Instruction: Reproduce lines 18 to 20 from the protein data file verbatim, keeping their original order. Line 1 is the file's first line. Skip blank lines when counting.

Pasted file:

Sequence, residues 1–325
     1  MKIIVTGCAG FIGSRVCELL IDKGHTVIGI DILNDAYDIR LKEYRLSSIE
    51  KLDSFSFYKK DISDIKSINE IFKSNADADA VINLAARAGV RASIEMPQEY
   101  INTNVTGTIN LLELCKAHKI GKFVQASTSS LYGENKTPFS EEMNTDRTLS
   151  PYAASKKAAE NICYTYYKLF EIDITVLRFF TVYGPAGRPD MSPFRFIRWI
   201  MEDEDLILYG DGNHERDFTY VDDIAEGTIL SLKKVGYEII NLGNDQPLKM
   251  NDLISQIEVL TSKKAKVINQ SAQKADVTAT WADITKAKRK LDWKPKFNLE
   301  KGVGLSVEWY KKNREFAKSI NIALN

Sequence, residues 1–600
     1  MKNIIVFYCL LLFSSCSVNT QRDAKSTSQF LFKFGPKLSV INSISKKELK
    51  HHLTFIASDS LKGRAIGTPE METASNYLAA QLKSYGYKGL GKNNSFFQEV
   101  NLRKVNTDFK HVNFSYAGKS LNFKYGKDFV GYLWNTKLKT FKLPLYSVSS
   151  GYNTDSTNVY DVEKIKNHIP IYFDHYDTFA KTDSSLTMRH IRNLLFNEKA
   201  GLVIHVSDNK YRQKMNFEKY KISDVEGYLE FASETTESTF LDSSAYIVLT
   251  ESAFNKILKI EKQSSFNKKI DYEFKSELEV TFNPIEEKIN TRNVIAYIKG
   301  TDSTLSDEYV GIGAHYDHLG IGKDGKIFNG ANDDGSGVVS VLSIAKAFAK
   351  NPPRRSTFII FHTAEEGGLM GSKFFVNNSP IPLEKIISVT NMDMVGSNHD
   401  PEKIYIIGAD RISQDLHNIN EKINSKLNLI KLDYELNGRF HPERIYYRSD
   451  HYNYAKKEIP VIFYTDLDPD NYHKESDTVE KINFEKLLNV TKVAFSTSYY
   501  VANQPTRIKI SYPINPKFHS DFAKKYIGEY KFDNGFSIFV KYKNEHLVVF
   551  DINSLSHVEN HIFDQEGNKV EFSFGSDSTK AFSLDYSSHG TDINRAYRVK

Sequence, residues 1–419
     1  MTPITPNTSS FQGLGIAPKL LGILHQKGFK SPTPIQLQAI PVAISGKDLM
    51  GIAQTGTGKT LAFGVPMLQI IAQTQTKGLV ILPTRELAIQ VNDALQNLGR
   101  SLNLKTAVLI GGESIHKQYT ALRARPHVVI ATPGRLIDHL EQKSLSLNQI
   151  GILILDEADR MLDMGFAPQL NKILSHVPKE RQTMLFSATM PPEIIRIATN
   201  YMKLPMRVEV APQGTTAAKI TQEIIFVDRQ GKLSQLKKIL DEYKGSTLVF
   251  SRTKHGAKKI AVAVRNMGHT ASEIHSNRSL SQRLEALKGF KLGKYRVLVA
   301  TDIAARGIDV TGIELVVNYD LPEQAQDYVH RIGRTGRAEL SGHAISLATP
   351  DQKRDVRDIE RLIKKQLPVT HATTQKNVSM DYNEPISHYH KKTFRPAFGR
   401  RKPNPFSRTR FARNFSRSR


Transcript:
   401  PEKIYIIGAD RISQDLHNIN EKINSKLNLI KLDYELNGRF HPERIYYRSD
   451  HYNYAKKEIP VIFYTDLDPD NYHKESDTVE KINFEKLLNV TKVAFSTSYY
   501  VANQPTRIKI SYPINPKFHS DFAKKYIGEY KFDNGFSIFV KYKNEHLVVF